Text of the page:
- Viewing 7 posts - 1 through 7 (of 7 total)
undecidedParticipant2 years ago
Hey, I hope I’m putting this in the right place, my apologies if not…
Where to begin? I’d say the title of this topic says it all, but as much as I like to think that everyone knows what I mean, probably better if I actually phrase the question fully 😉
When it comes to mental health, I’ve been fortunate enough to be on both sides of the couch/table/conversation. I recently graduated with my Masters in one of the mental health fields (sorry, trying to be as unidentifiable as possible for the moment), and hope to be working in that capacity shortly. I have also been in therapy for the past 5 years, dealing with a variety of things.
During my time in school, I was part of an online peer support group, and due to the anonymity it provided, I was able to be fairly open about my struggles. However, as time went on, I began to recognize people that I knew “in the real world,” and felt that for honesty reasons, it was only fair that I let them know that I knew who they were-which meant revealing my identity to those individuals. I left the forum prior to receiving my internship placement, as I feared that there was a chance that I would be placed in an agency where I would have clients on the forum, thereby creating an ethical issue-I might know who they were, but to tell them would be to reveal my identity, something that I was uncomfortable with for boundary reasons.
My question is-as a client, I find these sites helpful, but choose to remain anonymous to protect my identity-personal and professional- as well as those of the people around me. Is it ok for me to be on these forums knowing that I might have a client who uses the forums as well? Especially if there’s a chance that I would know who he/she is, without them being able to identify me-ethically, can I be here? I will add that I live in a place where the community is small enough that this is in fact a likely occurrence, and I did recognize a colleague’s case study as someone I had met on the forum, given our location.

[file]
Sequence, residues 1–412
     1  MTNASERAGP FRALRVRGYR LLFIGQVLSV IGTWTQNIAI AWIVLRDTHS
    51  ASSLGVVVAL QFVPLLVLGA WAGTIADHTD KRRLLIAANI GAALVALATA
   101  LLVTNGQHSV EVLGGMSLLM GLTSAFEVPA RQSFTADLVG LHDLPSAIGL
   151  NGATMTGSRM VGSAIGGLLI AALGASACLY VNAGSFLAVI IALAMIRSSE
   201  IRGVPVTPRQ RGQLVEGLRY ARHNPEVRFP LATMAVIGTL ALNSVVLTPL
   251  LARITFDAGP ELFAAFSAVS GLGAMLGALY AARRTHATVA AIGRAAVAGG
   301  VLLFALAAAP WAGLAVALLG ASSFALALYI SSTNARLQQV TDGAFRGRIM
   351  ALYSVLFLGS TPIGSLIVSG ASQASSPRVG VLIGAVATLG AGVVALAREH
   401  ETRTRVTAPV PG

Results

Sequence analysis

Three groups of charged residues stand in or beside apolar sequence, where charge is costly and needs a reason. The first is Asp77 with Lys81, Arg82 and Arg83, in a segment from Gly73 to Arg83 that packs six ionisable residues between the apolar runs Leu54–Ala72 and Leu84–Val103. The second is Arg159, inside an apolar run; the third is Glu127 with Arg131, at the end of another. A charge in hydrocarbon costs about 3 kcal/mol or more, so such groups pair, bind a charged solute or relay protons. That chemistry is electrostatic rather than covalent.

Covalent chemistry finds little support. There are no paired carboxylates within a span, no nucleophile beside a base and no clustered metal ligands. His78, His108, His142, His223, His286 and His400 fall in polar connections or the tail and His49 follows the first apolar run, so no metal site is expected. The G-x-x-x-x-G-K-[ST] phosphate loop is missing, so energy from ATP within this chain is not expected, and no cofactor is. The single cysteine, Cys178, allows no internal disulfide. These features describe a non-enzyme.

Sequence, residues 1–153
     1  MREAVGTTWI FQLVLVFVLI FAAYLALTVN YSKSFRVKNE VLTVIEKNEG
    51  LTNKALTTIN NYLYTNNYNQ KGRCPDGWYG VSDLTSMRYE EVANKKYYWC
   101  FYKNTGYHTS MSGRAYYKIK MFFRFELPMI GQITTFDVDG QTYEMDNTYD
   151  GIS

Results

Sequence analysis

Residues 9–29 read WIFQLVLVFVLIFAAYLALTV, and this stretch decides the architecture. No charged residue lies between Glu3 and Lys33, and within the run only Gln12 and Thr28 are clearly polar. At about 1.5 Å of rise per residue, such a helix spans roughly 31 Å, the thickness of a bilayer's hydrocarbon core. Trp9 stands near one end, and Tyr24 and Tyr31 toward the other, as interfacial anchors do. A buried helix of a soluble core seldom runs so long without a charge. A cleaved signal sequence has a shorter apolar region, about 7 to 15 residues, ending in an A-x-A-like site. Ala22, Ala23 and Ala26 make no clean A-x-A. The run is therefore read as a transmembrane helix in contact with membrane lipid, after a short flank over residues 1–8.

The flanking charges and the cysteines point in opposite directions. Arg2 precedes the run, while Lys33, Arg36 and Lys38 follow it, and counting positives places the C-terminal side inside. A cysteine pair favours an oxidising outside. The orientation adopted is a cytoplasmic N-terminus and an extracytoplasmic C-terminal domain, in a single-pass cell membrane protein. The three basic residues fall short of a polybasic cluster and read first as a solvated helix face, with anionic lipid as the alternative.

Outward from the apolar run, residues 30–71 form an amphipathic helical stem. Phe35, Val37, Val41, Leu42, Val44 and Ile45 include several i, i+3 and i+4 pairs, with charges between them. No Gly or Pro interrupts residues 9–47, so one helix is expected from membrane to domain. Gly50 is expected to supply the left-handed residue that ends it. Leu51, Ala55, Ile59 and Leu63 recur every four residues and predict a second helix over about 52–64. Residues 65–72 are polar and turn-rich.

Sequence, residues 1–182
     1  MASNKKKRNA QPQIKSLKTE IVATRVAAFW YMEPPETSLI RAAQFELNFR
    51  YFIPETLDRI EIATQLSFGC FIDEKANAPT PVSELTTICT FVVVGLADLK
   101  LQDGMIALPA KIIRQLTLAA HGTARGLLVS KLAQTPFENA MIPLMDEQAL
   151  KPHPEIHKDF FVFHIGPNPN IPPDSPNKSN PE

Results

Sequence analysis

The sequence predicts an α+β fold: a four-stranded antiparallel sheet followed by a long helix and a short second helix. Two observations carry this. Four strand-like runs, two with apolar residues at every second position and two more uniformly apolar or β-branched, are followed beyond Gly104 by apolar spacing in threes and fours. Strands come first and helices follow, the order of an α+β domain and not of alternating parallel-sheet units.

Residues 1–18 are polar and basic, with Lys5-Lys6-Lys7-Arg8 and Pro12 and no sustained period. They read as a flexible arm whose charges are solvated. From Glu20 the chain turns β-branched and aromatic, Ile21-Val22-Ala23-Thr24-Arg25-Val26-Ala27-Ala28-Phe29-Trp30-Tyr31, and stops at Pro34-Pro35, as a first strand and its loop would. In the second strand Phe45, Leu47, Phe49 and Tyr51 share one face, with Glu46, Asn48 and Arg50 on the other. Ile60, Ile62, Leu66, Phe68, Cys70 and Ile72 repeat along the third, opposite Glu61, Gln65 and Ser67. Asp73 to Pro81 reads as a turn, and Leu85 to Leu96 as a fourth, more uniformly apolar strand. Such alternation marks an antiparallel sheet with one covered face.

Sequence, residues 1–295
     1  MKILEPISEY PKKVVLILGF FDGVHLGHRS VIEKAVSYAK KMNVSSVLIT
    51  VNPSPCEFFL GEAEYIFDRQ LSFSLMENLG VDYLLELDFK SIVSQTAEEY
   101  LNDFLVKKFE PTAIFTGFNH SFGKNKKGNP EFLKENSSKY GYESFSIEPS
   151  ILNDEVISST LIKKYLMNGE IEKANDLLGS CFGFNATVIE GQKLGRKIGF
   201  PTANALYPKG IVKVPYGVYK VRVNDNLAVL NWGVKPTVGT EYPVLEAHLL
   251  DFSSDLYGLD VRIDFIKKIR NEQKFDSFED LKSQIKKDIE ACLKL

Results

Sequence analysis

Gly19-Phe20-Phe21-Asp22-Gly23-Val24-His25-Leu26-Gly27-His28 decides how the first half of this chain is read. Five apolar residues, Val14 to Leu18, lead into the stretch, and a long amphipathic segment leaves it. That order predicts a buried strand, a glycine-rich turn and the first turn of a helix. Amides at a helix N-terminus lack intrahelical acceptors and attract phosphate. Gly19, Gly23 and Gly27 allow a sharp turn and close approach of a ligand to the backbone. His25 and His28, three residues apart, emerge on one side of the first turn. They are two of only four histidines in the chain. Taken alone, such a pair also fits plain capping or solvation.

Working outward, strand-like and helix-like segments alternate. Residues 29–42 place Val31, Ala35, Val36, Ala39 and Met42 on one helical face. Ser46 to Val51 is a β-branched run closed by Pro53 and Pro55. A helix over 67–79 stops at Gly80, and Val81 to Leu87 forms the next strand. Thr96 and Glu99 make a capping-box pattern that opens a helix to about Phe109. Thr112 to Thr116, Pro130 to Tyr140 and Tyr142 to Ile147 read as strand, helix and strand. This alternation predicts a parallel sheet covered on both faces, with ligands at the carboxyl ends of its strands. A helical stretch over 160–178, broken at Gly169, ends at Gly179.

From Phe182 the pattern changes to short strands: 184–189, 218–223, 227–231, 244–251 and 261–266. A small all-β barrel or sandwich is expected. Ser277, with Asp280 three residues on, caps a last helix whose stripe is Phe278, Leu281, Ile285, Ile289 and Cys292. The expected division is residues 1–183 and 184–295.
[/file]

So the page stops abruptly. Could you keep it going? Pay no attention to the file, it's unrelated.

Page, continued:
The same goes for social media; if I’m using an anonymous instagram account to help with my recovery, but members of the community comment personal things-what are my ethical obligations when I know who they are, but they don’t know who I am, should they become a client? Or am I just worrying needlessly?
Thank you 🙂2 years ago
Hi, that is a tough question!
I want to first put in as a disclaimer that I’m talking as a client and having much experience as such but not as a therapist. Here’s what came to mind:
First I was thinking that you’re right; you’re in a quandary that may be difficult to navigate. Then, I was thinking that there has to be a way. I don’t think it’s all or nothing.
I would say that your concerns are 100% legitimate. They make perfect sense. You want both yourself and your clients to feel comfortable. You want to put in the necessary precautions. But, and here’s the big but: there’s still going to be uncertainty in whatever choice you decide on.
In my opinion, something tells me that although your community is close knit, you can still post for your recovery. Maybe you can change some details around. I think it’s a matter of how you deal with it if a situation comes up where you’re communicating with your client via a forum.
What do you think? It is a biggie, though!
undecidedParticipantTopic Author2 years ago
In response to Chavy's post #8402:
Thank you, @chavy for your input! I agree that there has to be a way; I’m just trying to figure out what that way is 🙂